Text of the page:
Examples of relevant projects include:
- Expressing genes involved in Golgi secretion
- Study of immunoglobulin M and monoclonal antibodies from Cod
- PCR analysis of marine microorganisms in a changing climate
- Why and how the fly immune system degenerates as flies age
Teaching and assessment
Teaching is delivered in the form of formal lectures and practical classes, tutorials, seminars, computer-based learning, guided reading and research. Modules are assessed by a combination of coursework and examination completed during the semester. For many modules the marks awarded for coursework contribute 40 – 50 percent of the final grade but for some modules this is as high as 100 percent.
Teaching provision in Cell Biology has been assessed by the Scottish Funding Council and rated as 'highly satisfactory'.
Biological and Environmental Sciences (BES) within the School of Natural Sciences is a multi-disciplinary department that participates in research and teaching in a broad range of subjects in the biological and environmental sciences. The principle focus of the research is at the interface between the environment and society. Within BES, staff conduct research in areas as diverse as the reconstruction of past landscapes; conservation, environmental impact assessment and environmental management; evolutionary ecology of plants and animals; and cellular biology and immunology. BES is a friendly, vibrant, and dynamic place in which to learn and research with a great sense of belonging engendered in our students from their very first days at the University.
Research-led teaching is the key to deep learning and understanding. The academic staff in Biological and Environmental Sciences at Stirling are typically world leaders in their respective fields, thus ensuring that research-led teaching is at the core of all of our courses. Many students work closely with academics throughout their time and benefit from actively participating in research programmes. We have strong contacts with external conservation and environmental organisations who also contribute to the undergraduate experience. This approach ensures that our students appreciate the transferable nature of a science degree and see how their learning can be applied to the real world.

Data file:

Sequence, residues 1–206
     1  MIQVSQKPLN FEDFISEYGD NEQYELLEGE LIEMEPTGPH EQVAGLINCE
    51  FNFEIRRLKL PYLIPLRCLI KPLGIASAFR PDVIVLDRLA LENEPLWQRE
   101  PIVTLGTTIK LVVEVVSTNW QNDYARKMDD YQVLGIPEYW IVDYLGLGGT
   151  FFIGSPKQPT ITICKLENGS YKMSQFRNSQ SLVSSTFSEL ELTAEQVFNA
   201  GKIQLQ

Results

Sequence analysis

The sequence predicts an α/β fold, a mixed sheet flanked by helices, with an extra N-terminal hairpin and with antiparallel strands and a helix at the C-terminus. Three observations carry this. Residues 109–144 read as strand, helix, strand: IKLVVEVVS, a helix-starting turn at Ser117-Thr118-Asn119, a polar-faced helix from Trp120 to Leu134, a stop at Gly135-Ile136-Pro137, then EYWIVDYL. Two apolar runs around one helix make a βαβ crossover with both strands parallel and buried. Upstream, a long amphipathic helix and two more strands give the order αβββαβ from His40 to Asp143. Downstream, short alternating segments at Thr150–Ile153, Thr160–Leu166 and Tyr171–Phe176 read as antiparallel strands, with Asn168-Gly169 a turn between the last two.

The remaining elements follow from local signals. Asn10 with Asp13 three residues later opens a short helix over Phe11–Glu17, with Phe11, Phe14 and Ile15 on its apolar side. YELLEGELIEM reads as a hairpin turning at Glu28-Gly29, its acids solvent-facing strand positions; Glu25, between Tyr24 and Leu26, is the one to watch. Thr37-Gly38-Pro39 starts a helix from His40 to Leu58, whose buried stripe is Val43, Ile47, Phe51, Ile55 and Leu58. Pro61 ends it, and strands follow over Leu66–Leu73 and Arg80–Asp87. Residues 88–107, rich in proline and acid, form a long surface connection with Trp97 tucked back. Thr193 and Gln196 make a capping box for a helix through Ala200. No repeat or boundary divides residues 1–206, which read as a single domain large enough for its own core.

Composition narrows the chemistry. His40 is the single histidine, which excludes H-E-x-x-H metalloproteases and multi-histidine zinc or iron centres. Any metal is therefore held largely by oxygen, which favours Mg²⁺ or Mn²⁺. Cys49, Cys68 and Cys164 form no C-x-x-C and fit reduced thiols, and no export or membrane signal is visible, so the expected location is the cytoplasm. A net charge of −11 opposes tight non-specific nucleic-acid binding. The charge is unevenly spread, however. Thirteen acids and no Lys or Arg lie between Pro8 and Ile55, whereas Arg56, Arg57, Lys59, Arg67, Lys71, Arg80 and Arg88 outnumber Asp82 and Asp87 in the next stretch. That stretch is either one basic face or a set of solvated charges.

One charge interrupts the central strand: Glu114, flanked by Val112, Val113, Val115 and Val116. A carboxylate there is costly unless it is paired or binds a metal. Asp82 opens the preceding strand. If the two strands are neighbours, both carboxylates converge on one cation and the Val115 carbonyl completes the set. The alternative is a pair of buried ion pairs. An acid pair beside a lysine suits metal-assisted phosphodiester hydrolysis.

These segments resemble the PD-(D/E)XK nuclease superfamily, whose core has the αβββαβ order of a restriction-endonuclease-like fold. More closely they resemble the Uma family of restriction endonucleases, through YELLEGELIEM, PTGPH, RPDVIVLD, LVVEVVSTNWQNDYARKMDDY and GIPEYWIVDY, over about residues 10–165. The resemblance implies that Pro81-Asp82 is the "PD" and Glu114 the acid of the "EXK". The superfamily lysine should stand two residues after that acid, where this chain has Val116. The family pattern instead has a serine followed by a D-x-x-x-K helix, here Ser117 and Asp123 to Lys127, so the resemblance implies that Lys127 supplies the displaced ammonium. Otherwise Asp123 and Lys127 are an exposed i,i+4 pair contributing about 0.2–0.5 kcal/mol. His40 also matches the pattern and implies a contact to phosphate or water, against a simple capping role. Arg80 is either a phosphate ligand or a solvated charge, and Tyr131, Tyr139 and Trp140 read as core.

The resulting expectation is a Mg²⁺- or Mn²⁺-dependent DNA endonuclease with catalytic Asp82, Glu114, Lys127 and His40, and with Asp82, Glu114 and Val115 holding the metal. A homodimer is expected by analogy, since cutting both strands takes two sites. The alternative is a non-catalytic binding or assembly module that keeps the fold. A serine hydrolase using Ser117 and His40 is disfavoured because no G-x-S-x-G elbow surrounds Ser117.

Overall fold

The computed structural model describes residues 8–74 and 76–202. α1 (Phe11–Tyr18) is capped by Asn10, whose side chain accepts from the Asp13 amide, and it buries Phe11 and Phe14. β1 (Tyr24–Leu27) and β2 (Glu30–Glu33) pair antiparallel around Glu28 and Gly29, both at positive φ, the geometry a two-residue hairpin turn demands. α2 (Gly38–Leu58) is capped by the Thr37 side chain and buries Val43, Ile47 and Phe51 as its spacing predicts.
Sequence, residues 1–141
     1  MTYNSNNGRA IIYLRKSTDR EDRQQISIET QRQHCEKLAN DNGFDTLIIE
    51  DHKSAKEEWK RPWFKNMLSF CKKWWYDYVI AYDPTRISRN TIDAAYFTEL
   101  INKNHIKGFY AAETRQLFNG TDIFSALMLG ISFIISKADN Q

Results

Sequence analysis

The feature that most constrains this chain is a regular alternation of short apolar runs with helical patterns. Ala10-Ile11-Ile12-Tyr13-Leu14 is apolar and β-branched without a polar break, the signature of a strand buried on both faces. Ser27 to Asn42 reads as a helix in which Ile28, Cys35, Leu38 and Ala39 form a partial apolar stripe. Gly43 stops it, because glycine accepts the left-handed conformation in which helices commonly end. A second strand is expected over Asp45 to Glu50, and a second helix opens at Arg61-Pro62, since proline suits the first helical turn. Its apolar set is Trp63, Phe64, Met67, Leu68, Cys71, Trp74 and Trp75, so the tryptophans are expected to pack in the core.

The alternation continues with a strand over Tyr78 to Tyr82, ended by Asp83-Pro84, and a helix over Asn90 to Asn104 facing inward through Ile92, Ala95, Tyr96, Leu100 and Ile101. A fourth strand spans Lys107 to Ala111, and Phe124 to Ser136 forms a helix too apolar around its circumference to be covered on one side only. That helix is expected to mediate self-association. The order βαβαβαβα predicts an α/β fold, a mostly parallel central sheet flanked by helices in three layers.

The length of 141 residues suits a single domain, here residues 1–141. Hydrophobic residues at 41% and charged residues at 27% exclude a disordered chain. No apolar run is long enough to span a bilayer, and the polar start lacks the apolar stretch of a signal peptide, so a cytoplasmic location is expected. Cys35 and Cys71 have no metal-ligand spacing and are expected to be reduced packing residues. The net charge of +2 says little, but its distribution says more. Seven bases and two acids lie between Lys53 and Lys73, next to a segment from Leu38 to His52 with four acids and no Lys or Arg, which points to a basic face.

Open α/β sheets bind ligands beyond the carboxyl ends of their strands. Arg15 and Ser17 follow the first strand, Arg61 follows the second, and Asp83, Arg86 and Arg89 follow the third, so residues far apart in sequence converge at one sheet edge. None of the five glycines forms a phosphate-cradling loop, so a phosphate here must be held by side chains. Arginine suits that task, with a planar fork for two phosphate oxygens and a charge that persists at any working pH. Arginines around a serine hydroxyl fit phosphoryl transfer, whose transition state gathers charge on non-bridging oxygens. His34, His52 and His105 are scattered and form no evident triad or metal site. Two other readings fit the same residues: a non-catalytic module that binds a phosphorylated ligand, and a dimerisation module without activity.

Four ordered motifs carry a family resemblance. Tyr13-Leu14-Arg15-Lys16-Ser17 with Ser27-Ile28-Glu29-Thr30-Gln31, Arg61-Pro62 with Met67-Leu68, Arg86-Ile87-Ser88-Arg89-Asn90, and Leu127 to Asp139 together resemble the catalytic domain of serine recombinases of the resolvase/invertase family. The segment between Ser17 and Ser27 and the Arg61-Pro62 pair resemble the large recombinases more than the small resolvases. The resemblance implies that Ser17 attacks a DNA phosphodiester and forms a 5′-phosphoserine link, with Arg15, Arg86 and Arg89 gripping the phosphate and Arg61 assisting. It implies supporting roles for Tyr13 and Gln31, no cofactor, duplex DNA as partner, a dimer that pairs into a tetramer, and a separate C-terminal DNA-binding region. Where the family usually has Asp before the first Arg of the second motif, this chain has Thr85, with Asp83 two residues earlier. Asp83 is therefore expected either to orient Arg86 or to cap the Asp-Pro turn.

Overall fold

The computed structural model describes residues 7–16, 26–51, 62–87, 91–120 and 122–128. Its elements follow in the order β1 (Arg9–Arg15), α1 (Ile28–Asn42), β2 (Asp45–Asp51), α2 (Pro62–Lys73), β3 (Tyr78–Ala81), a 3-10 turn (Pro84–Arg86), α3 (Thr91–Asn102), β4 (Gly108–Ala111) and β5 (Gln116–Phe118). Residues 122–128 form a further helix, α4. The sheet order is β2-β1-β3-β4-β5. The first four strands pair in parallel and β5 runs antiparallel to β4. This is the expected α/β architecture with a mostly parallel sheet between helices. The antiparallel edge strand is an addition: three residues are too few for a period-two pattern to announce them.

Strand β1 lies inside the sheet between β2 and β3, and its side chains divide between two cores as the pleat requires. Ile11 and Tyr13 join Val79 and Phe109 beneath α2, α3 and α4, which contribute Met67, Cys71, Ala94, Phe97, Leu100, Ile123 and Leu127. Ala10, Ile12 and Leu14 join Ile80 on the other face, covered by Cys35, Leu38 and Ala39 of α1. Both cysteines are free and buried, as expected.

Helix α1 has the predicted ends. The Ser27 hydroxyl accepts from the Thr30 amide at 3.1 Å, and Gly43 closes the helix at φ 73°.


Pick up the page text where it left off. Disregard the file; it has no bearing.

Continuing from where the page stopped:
A variety of assessment methods are employed throughout our degree course.
I chose Cell Biology at Stirling because of the interdisciplinary training which provides a good combination of practical and theoretical courses. It provided me with the option of choosing a diverse range of topics within the first two years of study and then focusing solely on my chosen degree. The staff have a wealth of knowledge which they are enthusiastic to share with their students, and combined with the smaller class numbers this ensures a higher level of individual attention. The new and improved laboratories and facilities have created an excellent place to learn, and all of these factors have equipped me to leave feeling fully prepared for a successful career.
Niki McAllister, 4th year Cell Biology student 2012
Cell Biology graduates from Stirling may follow careers in the pharmaceutical, healthcare and biomedical, biotechnology, and agricultural industries. Other career paths may include the civil service, forensic science, teaching, the food industry, and government and industrial research laboratories.